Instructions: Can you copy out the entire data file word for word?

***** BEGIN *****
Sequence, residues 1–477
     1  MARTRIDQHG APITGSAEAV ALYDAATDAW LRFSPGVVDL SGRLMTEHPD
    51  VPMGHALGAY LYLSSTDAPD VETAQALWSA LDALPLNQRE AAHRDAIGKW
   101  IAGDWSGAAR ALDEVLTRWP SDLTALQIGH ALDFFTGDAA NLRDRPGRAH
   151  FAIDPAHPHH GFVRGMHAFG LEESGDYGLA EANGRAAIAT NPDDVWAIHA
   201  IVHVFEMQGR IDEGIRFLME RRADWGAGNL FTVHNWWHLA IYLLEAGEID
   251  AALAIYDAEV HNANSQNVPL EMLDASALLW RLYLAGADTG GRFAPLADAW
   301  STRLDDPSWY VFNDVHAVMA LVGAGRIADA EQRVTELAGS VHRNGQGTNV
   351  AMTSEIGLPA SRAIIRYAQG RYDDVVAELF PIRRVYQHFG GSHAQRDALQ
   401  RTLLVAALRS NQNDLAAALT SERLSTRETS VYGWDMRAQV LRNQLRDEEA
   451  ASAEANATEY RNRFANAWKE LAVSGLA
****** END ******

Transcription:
Sequence, residues 1–477
     1  MARTRIDQHG APITGSAEAV ALYDAATDAW LRFSPGVVDL SGRLMTEHPD
    51  VPMGHALGAY LYLSSTDAPD VETAQALWSA LDALPLNQRE AAHRDAIGKW
   101  IAGDWSGAAR ALDEVLTRWP SDLTALQIGH ALDFFTGDAA NLRDRPGRAH
   151  FAIDPAHPHH GFVRGMHAFG LEESGDYGLA EANGRAAIAT NPDDVWAIHA
   201  IVHVFEMQGR IDEGIRFLME RRADWGAGNL FTVHNWWHLA IYLLEAGEID
   251  AALAIYDAEV HNANSQNVPL EMLDASALLW RLYLAGADTG GRFAPLADAW
   301  STRLDDPSWY VFNDVHAVMA LVGAGRIADA EQRVTELAGS VHRNGQGTNV
   351  AMTSEIGLPA SRAIIRYAQG RYDDVVAELF PIRRVYQHFG GSHAQRDALQ
   401  RTLLVAALRS NQNDLAAALT SERLSTRETS VYGWDMRAQV LRNQLRDEEA
   451  ASAEANATEY RNRFANAWKE LAVSGLA